Electricity problems continue to plague North Korea

Pukchang Thermal Power Complex in South Pyongan Province
Pukchang Thermal Power Complex in South Pyongan Province. Image: Rodong Sinmun

Residents in North Korea have endured chronic electricity shortages for decades, a direct result of government mismanagement of critical infrastructure. Following reports of decreased power provision in some parts of Pyongyang, sources in the the neighboring city of Pyongsong report similar circumstances in that region.

“Electricity is provided in the morning for one hour and two hours in the evening,” a South Pyongan Province-based source told Daily NK on May 1. “And now because the power supply is going to the farms, there likely won’t be much electricity going around in the evenings, either.”

Farming areas are given priority over urban areas for electricity from mid-May, when the country’s “planting battle” begins.

This winter North Korean residents saw diminished energy distribution relative to last year, according to the source, who noted that “the power was only on for three hours on February 16 (Kim Jong Il’s birthday).”

He said that most homes and businesses lack reliable electricity, while historical sites honoring the Kim family are provided with electricity 24-hours a day.

Consequently, the poor electricity situation in the country has driven up demand for solar panels.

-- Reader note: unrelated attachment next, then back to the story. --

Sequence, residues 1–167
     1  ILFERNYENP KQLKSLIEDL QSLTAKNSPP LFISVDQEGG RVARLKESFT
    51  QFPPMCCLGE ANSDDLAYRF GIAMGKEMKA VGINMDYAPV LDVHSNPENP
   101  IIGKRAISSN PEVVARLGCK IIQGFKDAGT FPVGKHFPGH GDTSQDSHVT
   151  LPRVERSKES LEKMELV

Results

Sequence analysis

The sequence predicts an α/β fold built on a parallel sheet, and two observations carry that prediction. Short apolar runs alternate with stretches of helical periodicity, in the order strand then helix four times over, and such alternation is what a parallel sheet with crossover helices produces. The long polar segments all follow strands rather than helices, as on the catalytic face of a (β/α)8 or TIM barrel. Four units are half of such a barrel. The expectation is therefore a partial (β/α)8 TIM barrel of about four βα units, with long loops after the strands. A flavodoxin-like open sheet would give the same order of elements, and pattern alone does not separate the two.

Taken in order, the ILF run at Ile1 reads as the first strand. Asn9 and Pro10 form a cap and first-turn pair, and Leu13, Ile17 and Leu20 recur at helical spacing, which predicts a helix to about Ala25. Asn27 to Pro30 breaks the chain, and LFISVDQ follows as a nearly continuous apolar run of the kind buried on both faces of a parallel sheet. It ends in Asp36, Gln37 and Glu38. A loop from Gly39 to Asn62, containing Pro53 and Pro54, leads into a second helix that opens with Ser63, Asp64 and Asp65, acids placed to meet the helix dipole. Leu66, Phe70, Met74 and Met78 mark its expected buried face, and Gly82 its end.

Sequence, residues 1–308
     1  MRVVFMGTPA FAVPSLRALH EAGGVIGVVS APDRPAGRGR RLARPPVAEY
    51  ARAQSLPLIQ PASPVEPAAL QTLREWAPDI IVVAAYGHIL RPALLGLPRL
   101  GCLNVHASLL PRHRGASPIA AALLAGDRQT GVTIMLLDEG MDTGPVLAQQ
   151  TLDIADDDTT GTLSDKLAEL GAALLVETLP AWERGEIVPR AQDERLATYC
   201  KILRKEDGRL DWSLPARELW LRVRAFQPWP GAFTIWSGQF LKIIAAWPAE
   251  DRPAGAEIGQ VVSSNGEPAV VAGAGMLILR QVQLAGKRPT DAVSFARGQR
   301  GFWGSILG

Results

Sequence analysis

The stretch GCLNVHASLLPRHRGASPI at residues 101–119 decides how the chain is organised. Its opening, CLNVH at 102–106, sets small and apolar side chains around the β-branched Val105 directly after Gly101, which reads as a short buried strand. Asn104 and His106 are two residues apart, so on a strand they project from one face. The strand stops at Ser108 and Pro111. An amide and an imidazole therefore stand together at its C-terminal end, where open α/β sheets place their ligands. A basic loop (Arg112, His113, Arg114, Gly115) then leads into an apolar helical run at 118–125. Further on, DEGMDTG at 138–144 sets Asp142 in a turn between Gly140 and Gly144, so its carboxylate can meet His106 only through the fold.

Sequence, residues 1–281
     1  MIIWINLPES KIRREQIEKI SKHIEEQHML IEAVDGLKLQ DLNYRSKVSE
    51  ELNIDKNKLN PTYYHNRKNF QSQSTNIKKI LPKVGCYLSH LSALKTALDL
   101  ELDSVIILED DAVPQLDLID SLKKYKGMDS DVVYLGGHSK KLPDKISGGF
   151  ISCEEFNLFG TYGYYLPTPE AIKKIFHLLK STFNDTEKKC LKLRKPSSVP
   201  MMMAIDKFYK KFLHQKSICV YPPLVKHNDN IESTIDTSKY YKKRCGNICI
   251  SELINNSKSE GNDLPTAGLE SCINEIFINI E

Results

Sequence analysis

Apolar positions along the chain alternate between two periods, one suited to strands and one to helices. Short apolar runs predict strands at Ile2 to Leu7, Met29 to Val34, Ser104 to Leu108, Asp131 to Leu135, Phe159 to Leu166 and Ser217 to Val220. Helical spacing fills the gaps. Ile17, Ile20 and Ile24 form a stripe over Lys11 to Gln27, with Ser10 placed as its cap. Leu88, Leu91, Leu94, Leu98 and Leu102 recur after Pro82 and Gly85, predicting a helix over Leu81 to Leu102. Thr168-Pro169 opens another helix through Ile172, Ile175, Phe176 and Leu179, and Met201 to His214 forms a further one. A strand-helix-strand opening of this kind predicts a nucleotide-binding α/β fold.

“Solar panels allow families to turn on the lights and watch a couple of hours of TV, but they don’t provide enough power to operate freezers or washing machines,” the source said.

The North Korean government has increased coal production to operate thermal energy plants as part of efforts to address the country’s electricity problems. A Rodong Sinmun editorial published on April 8 declared that “the basis of electricity production is an increase in thermal power,” calling for the prioritization of coal production “in order for the country’s thermal energy plants to operate at full capacity.”

North Korean residents, however, say that the government should be focusing on improving the existing power generation system rather than increasing coal production, according to a separate source in South Pyongan Province.

“Critics point out that the country’s current electricity problems are not due to low coal production but rather because the existing power plants are in a state of disrepair. The country’s electricity situation wasn’t great in the 1980s when coal production was high. The authorities need to resolve the fundamental problems first,” he said.

“There are thermal power plants in Sunchon, Pukchang, and Chongchongang, but only one or two generators are actually operating in each of them. It’s pretty clear that coal production is not the fundamental problem here.”

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